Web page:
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Federal Rail Study Cites ACE At-Risk

The U.S. Department of Transportation’s (DOT) Federal Railroad Administration (FRA) on Friday released the 2018 Quarter 2 status update on railroads’ self-reported progress toward implementing positive train control (PTC) systems.

The latest data, current as of June 30, 2018, shows that 15 railroads have installed 100 percent of the PTC system hardware that must be installed for implementation, based on a review of the railroads’ PTC Implementation Plans and quarterly progress reports for Quarter 2 of 2018. Twelve other railroads have installed between 95 and 99 percent of the PTC system hardware identified in their PTC Implementation Plans. All railroads, except for one, that use spectrum-based PTC systems have acquired sufficient spectrum.

This marks a significant improvement from December 2016, where freight railroads had PTC active on just 16 percent of required tracks, while passenger railroads were at 24 percent.

In addition, 14 railroads have initiated sufficient revenue service demonstration (RSD) or met substitute criteria, which is also one of the six statutory criteria needed to qualify for an alternative schedule. PTC systems are in RSD or operation on approximately 37,705 route miles (65 percent) of the nearly 58,000 route miles that are subject to the statutory mandate.

“The railroads have achieved some significant improvements over the past year implementing this safety technology,” said FRA Administrator Ronald L. Batory. “While we are seeing progress among a majority of railroads, we want to see everyone meet their requirements.”

Quarter 2 data shows a 25 percent drop in the number of “at-risk” railroads from 12 to nine. FRA currently considers any railroad that installed less than 90 percent of its PTC system hardware as of June 30, 2018, to be at risk, as installation of all PTC system hardware is only an initial phase of implementing a PTC system and only one of the six statutory criteria required to qualify for an alternative schedule.

The nine at-risk railroads are: New Mexico Rail Runner Express (Rio Metro), Capital Metropolitan Transportation Authority, New Jersey Transit, Altamont Corridor Express, Maryland Area Regional Commuter, Trinity Railway Express, South Florida Regional Transportation Authority, Peninsula Corridor Joint Powers Board (Caltrain) and Central Florida Rail Corridor (SunRail). The nine at-risk railroads own or control approximately 665 route miles that are subject to the statutory mandate, which is approximately 1.1 percent of the route miles that must be governed by a PTC system and 0.475 percent of the U.S. rail network.

Class I railroads and any entity that provides intercity or commuter rail passenger transportation must fully implement a PTC system on all required route miles by Dec. 31, 2018, unless a railroad qualifies for an alternative schedule under the Positive Train Control Enforcement and Implementation Act of 2015 (PTCEI Act). The PTCEI Act provides that a railroad’s alternative schedule, if any, must contain a deadline that is as soon as practicable, but no later than Dec. 31, 2020.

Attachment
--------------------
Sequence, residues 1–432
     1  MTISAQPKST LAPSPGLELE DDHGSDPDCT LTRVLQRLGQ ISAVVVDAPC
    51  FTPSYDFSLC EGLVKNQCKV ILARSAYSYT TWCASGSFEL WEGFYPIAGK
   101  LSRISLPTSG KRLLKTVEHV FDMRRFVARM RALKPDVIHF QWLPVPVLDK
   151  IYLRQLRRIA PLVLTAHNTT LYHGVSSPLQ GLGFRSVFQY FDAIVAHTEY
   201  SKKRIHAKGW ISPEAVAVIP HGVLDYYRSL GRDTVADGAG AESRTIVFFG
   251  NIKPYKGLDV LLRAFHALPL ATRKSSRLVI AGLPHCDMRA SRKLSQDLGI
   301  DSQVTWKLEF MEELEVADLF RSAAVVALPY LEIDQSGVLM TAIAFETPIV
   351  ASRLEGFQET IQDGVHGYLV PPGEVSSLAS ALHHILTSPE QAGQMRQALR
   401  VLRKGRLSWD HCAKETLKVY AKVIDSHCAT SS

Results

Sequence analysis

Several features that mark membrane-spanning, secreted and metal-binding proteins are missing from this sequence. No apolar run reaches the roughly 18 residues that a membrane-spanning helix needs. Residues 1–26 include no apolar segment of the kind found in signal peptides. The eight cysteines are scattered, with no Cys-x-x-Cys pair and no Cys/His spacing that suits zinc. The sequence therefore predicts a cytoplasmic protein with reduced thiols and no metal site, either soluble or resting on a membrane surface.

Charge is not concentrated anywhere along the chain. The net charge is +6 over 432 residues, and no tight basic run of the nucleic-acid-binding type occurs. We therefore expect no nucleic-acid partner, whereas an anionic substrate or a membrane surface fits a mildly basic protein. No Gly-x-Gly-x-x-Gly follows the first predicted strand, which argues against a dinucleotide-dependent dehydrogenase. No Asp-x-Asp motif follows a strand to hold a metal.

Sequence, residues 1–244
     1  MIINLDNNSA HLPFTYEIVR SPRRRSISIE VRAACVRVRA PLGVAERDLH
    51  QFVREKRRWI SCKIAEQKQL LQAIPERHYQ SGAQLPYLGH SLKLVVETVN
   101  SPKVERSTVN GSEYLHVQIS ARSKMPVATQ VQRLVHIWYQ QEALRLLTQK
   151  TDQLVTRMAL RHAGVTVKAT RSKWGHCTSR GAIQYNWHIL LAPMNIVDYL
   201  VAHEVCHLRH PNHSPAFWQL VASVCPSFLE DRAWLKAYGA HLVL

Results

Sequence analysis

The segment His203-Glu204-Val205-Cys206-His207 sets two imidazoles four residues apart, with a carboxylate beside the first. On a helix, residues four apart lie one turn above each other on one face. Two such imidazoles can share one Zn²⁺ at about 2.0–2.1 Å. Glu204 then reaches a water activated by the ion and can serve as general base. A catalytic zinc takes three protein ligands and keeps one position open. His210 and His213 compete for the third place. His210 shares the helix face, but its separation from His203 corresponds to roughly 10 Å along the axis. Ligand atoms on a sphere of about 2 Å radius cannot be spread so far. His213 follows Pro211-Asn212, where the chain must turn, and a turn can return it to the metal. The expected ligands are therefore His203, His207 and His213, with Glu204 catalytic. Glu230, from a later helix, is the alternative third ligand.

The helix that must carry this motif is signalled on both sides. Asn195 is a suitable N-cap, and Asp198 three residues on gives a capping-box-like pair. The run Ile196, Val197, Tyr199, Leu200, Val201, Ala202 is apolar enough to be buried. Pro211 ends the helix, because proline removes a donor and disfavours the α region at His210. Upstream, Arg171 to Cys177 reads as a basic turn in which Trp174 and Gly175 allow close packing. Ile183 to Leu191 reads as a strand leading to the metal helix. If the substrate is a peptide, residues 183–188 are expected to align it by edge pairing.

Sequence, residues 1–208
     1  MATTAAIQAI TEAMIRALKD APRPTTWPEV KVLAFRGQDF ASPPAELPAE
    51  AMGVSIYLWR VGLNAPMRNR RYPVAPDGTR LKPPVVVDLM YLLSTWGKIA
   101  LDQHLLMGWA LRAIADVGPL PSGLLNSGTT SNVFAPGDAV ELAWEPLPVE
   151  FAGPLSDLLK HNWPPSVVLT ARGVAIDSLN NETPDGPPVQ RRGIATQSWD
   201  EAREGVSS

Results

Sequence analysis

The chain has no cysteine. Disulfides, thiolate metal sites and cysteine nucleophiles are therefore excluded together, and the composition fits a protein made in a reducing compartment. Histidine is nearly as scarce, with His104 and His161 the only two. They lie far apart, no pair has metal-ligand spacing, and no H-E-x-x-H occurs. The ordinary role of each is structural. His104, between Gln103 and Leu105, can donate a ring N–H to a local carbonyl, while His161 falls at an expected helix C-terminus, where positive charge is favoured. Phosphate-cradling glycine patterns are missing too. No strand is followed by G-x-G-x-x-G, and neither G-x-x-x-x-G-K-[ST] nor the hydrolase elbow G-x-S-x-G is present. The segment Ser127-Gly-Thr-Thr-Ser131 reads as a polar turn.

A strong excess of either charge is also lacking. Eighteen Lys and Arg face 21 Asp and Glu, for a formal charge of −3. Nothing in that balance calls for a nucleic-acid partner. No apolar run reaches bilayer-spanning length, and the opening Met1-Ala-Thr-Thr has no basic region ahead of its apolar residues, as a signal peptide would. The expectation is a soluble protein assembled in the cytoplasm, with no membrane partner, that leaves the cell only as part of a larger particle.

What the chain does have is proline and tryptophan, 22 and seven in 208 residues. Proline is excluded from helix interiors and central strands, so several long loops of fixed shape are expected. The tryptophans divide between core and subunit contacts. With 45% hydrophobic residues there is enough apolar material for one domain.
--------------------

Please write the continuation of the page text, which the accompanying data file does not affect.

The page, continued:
Since January 2017, DOT and FRA have taken several actions to help facilitate and expedite railroads’ required implementation of PTC systems. Among them were:

• Sent letters in June 2017 to governors and state departments of transportation regarding any commuter railroad in the state that had installed less than 50 percent of its PTC system hardware as of Dec. 31, 2016. FRA emphasized the importance of the state government ensuring these railroads have proper technical support and sufficient oversight of PTC system implementation;

• Sent a Dec. 27, 2017, letter from Secretary Elaine L. Chao to all Class I railroads, intercity passenger railroads, and commuter railroads stressing the urgency and importance of safely implementing PTC systems during the upcoming year and meeting the statutory deadline; 

• Assisted the Federal Transit Administration in awarding over $197 million in grants to commuter railroads and state and local governments in fiscal year (FY) 2017 for the installation of PTC systems;

• Held face-to-face meetings with the major PTC system vendors and suppliers and all 41 railroads subject to the statutory mandate to implement PTC systems;

• Engaged with Class I railroads, intercity passenger and commuter railroads, and other railroads regarding compliance with the PTC regulations, and;

• Sent letters in June 2018 to the 12 railroads that remained at risk of neither meeting the Dec. 31, 2018, deadline nor the statutory criteria required to qualify for an alternative schedule, specifically because self-reported data from these 12 railroads indicated that each had installed less than 85 percent of its PTC system hardware as of March 31, 2018.